Deerfield making plans for clean-up and wellness expo
In the clean-up, families are assigned to work in the parks and town office area, with adults being assigned to work on various roads coming into the town, with most of the emphasis tending to be on the main roads into town and the areas around the river.
"Roughly on average, we work on about ten different roads in town," said Denise Greig, Deerfield's Welfare Administrator and Deputy Health Officer. "We have 54 square miles in Deerfield and we have, I think, 70 miles of road."
The event was conceived three years ago as a way of celebrating Earth Day while harnessing community effort to address previously neglected roads in town.
"It was my first year here and we had a lot of a areas that needed some help and taking care of, and we just thought it was a great way to get some spring cleanup done around in town in areas that aren't normally addressed," said Town Administrator Leslie Boswak. "It's been greeted with tremendous community support. The support, the volunteers that show up, it's fantastic, and we're very happy to continue what's become a tradition here."
"Take Care of Your World" is somewhat broader than a simple service opportunity, however, taking on an educational component emphasizing wellness.
"The Town Administrator and I had talked about a town-wide clean-up to try to clean up the roads once the snowbanks had melted. And as part of my role, I have a particular interest in wellness," said Greig. "So we talked about combining it with a few different events to make this happen."
Inside the Deerfield Community Church, the event's "wellness" bent becomes more holistic, where guests will find a free healthy lunch provided and an interdisciplinary "wellness expo."
"Folks come along, saunter through, pick up the information, and get to have a healthy lunch," said Greig. "They'll be providing information on a variety of topics, everything from financial well-being, to consumer information, healthy homes. A variety of topics."
Town workers from various departments will be manning tables at the expo and providing their own perspectives on wellness.
Year to year, the event has seen between 65 to 100 people participating, sometimes braving unforgiving weather.
"The first year we had bitter cold winds, but we still get a good chunk of people to get out to clean up the roads," said Greig. "We get a lot of turnout from families. I think a lot of parents use it as an occasion to have the kids outside, working on clean-up, and then moving inside to get a good, healthy lunch."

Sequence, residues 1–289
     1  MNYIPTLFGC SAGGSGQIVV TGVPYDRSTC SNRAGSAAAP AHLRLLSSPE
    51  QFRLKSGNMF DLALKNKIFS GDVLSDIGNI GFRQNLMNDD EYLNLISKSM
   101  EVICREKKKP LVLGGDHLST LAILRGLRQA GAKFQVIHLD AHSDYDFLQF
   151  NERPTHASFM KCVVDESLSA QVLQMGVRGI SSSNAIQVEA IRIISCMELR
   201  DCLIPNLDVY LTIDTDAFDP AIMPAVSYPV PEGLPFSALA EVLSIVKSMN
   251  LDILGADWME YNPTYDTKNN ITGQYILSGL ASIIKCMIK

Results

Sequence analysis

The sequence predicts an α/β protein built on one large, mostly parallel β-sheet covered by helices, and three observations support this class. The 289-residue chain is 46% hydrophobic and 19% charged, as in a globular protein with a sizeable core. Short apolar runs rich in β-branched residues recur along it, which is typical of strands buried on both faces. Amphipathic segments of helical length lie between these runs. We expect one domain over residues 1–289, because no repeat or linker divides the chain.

Participants are encouraged to wear work clothes and gloves, boots, and orange vests. Trash bags and disposable gloves will be provided by the town.
The free lunch and wellness expo will be held from 11 a.m. until 1 p.m. at the Deerfield Community Church Parish Hall on 15 Church Street. Both are open to the public, regardless of participation in the clean-up.
The snow date for the cleanup is Saturday, April 27, but the wellness expo will go on rain or shine.
READER COMMENTS: 0
- Comedian Joan Rivers dead at age 81 says daughter - 0
- U.S. says Islamic State video of journalist's killing is authentic - 0
- No paper on Monday; check UnionLeader.com for updated, breaking news - 0
- Concord attorney Leahy dies - 0
- Robin Williams’ ashes are scattered in San Francisco Bay - 0
- Syracuse, Iowa crowned top party schools - 0
- Parking fines cause disputes, raise revenues - 1
- Jon Cavaiani dies at 70; desperate stand in '71 led to Medal of Honor - 0
- Meriam Ibrahim, family welcomed as long journey ends in Manchester - 2
READER COMMENTS: 0
- NHIAA: Lancers beat South - 0
- College Football: St. Anselm football loses third straight game - 0
- John Habib's City Sports: Tough decisions loom for Legion - 0
- A good first impression - 0
- NHIAA: Exeter keeps Memorial attack at bay - 0
- Windham clinches first with huge win - 0
- NHIAA: Campbell thumps Brady - 0
- NHIAA: Brummett scores 5 for Derryfield - 0
- NHIAA: Souhegan advances in OT - 0
Blackwater verdict stuns NH dad
Making it up: Shameless state Senate attacks
A good first impression
Thieves target cars in Hollis neighborhood